11 Questions about Prayer
1. Are there different ways to pray?
Yes. Prayer can be private or public, liturgical or extemporaneous, spoken or silent. (1 Samuel 1:1–20; 1 Kings 8:22–61; Psalm 142; Matthew 11:25–28; Mark 1:35–39; Luke 6:12–16; Hebrews 5:7–10)
2. What types of prayer are in the Lord’s Prayer?
The Lord’s Prayer includes praise, petition, intercession, and confession to God. (Matthew 6:9–13; Luke 11:2–4).
3. What is praise?
In praise, I glorify and adore God for his holiness, his sovereign rule over all, and his salvation given in Jesus Christ. (Exodus 15:1– 21; Psalm 111; Luke 1:39–56; Ephesians 1:3–14)
To Be a Christian
J. I. Packer, Joel Scandrett, Anglican Church in North America
With 360+ pairs of questions and answers, as well as Scripture references to support each teaching, this catechism instructs new believers and church members in the core beliefs of Christianity from an Anglican perspective.
4. What is petition?
In petition, I make requests to God on my own behalf for his provision and protection. (1 Samuel 1; 2 Kings 20:1–7; Psalm 86; John 17:1–5; 2 Corinthians 12:1–10; Philippians 4:6–7)
5. What is intercession?
In intercession, I make requests to God on behalf of others, the Church, and the world. (Exodus 32:1–14; Psalm 20; John 17:6–26; Ephesians 3:14–21; 6:18–20)
6. What is confession?
In confession, I acknowledge my sins in repentance before God and receive his forgiveness. (Nehemiah 1:4–11; Psalm 51; Jeremiah 36:1–3; Luke 23:39–43; Acts 2:14–41; 2 Corinthians 7:2–12; 1 John 1:9)
I should pray with humility, love, and a ready openness to hear and do God’s will.
7. What types of prayer are not included in the Lord’s Prayer?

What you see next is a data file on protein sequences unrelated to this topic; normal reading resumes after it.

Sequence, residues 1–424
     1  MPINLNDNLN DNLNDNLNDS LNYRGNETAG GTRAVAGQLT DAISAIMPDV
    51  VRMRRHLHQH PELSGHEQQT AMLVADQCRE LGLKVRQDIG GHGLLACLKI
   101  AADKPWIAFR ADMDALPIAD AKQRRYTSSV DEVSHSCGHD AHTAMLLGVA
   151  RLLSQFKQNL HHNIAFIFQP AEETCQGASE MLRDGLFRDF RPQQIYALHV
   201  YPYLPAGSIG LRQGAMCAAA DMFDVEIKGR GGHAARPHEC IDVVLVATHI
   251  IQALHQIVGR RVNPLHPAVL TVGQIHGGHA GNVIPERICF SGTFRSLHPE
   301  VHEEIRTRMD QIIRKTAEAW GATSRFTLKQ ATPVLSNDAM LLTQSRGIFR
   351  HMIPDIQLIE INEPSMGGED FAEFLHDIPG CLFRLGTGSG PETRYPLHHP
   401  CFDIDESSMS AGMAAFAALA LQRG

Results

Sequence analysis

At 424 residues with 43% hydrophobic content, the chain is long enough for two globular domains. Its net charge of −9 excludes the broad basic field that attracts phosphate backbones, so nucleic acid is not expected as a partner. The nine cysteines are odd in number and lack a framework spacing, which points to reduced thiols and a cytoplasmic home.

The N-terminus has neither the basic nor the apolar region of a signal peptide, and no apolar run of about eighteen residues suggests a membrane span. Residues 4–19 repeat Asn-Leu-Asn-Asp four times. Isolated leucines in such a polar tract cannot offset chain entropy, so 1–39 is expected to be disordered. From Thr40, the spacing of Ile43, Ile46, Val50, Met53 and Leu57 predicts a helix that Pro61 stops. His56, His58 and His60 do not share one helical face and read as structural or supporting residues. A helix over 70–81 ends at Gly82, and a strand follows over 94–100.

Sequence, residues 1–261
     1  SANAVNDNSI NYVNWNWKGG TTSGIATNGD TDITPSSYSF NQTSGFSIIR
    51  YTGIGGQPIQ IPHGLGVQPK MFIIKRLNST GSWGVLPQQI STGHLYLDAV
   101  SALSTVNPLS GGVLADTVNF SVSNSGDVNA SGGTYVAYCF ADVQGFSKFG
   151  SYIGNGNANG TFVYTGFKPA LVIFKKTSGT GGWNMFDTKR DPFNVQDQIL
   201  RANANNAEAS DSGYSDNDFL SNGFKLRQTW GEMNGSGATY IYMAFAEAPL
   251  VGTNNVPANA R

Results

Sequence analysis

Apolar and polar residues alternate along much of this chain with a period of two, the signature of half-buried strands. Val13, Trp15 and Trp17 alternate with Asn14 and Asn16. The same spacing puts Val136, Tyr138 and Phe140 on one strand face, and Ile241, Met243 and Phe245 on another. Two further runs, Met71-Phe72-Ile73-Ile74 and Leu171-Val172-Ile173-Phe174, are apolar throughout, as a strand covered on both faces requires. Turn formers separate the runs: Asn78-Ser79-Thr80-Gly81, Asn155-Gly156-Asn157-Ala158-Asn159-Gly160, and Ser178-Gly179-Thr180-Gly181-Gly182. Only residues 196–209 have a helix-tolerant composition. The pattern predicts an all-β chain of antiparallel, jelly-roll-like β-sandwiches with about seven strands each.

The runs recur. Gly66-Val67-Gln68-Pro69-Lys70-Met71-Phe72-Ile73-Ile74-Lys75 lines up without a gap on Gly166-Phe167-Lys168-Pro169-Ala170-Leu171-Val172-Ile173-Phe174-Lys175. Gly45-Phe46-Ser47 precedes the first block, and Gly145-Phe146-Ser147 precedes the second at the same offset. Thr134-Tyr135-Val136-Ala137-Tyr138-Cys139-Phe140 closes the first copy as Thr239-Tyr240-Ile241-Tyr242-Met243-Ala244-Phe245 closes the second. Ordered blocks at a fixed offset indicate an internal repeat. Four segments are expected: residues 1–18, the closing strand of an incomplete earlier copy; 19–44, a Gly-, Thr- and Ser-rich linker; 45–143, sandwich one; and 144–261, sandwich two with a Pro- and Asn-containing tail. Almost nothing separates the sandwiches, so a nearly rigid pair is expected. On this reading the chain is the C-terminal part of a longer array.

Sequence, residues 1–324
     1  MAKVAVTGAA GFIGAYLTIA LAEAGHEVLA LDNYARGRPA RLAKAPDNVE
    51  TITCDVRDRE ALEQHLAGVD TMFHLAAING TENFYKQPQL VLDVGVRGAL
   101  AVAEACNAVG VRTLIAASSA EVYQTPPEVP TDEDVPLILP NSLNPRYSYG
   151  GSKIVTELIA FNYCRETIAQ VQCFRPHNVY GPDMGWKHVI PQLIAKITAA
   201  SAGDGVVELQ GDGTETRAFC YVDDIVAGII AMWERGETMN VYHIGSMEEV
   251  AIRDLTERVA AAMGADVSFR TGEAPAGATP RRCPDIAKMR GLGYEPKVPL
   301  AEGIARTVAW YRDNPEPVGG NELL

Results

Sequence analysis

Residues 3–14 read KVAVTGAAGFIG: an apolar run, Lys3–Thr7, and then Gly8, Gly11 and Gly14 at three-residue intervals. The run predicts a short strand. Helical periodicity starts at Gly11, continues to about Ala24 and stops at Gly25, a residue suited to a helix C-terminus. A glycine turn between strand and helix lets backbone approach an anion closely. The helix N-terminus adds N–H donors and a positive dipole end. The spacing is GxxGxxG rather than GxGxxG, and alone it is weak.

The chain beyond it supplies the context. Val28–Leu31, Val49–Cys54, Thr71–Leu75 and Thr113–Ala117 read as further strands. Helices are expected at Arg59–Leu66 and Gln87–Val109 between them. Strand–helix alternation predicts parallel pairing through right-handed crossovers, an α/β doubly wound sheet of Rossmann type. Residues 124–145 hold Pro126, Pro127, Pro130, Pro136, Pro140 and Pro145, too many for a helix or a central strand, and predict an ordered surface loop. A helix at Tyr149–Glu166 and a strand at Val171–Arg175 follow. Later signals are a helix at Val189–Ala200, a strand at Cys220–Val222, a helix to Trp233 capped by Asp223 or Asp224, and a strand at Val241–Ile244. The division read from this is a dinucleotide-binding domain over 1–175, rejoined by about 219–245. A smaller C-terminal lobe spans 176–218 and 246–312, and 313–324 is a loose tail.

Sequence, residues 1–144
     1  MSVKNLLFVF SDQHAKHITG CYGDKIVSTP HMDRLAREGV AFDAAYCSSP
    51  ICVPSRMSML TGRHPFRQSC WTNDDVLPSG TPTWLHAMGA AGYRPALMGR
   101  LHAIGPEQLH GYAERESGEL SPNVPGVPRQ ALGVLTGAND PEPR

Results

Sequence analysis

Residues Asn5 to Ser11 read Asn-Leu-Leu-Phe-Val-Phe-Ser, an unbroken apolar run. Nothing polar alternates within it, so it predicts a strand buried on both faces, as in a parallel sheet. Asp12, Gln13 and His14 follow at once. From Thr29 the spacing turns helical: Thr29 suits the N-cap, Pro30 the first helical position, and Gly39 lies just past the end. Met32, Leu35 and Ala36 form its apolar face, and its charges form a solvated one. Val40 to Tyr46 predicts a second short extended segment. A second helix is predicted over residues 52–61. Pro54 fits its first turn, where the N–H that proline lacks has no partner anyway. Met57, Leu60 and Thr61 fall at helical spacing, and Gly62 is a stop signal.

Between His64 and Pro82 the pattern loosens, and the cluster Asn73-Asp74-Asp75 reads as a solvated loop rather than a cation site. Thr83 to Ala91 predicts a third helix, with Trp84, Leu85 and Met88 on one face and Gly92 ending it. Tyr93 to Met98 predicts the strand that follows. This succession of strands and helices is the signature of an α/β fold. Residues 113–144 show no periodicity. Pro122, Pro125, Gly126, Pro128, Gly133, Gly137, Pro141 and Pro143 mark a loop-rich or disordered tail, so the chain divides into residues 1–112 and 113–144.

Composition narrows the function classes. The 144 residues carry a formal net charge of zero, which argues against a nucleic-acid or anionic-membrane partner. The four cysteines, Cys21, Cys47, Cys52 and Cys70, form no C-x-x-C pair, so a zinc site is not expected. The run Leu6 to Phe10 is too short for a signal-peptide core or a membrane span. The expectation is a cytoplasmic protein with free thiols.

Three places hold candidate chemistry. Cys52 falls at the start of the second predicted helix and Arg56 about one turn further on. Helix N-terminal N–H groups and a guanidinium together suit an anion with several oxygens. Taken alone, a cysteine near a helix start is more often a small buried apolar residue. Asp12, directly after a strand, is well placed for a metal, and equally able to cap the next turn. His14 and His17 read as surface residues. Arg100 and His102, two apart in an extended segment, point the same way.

Other types of prayer are thanksgiving, by which I give thanks to God for his providential goodness and answers to my prayers; and oblation, by which I offer to him all that I am and all that I do. (2 Samuel 22; Psalm 63; Luke 1:38; 22:39–44; Romans 12:1; Hebrews 10:1–25; 13:15–16)
8. With what attitude should you pray?
I should pray with humility, love, and a ready openness to hear and do God’s will. (2 Chronicles 7:13–15; Psalms 31; 46:10–11; Luke 18:9–14; Philippians 4:4–7)
9. What prayers should you learn as a part of your rule of prayer?
After learning the Lord’s Prayer, I should next aim to learn certain psalms (such as Psalm 23, Psalm 51, Psalm 95, Psalm 100, Psalm 150) and prayers from the Daily Office. These prayers will ground me in the Christian tradition of prayer and teach me how to pray in my own words.
10. What should you remember when prayers seem to go unanswered?
I should be certain that God always hears my prayers and answers them by his wisdom, in his own time and manner, for my good, and for his glory. (Psalm 37:3–9; Isaiah 55; Habakkuk 3:17–19; Luke 18:1–8; James 4:2–3; 1 John 5:14–15)
11. How should you pray in times of suffering?
I should pray trusting in the sufficiency of God’s grace and in joyful assurance that “suffering produces endurance, and endurance produces character, and character produces hope, and hope does not put us to shame.” (Romans 5:3–5; see also Job 23; Psalm 22; John 12:23–26; 2 Corinthians 1:3–5; 1 Peter 4:12–19)
This article is adapted from To Be a Christian: An Anglican Catechism edited by J. I Packer and Joel Scandrett.
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